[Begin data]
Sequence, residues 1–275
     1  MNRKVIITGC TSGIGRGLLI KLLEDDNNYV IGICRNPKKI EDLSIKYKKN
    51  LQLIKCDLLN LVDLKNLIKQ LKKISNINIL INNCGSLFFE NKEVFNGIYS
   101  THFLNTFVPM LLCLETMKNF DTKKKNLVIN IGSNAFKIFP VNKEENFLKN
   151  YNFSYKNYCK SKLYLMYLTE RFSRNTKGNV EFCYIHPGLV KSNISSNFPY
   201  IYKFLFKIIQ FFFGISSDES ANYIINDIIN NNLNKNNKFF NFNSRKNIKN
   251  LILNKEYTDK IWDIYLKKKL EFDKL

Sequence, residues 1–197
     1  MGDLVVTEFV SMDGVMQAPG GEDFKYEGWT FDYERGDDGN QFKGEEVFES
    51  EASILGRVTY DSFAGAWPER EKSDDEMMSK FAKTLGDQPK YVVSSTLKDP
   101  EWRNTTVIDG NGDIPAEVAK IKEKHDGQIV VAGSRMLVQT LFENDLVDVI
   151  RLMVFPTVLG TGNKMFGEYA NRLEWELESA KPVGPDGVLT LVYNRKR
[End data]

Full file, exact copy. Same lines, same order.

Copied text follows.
Sequence, residues 1–275
     1  MNRKVIITGC TSGIGRGLLI KLLEDDNNYV IGICRNPKKI EDLSIKYKKN
    51  LQLIKCDLLN LVDLKNLIKQ LKKISNINIL INNCGSLFFE NKEVFNGIYS
   101  THFLNTFVPM LLCLETMKNF DTKKKNLVIN IGSNAFKIFP VNKEENFLKN
   151  YNFSYKNYCK SKLYLMYLTE RFSRNTKGNV EFCYIHPGLV KSNISSNFPY
   201  IYKFLFKIIQ FFFGISSDES ANYIINDIIN NNLNKNNKFF NFNSRKNIKN
   251  LILNKEYTDK IWDIYLKKKL EFDKL

Sequence, residues 1–197
     1  MGDLVVTEFV SMDGVMQAPG GEDFKYEGWT FDYERGDDGN QFKGEEVFES
    51  EASILGRVTY DSFAGAWPER EKSDDEMMSK FAKTLGDQPK YVVSSTLKDP
   101  EWRNTTVIDG NGDIPAEVAK IKEKHDGQIV VAGSRMLVQT LFENDLVDVI
   151  RLMVFPTVLG TGNKMFGEYA NRLEWELESA KPVGPDGVLT LVYNRKR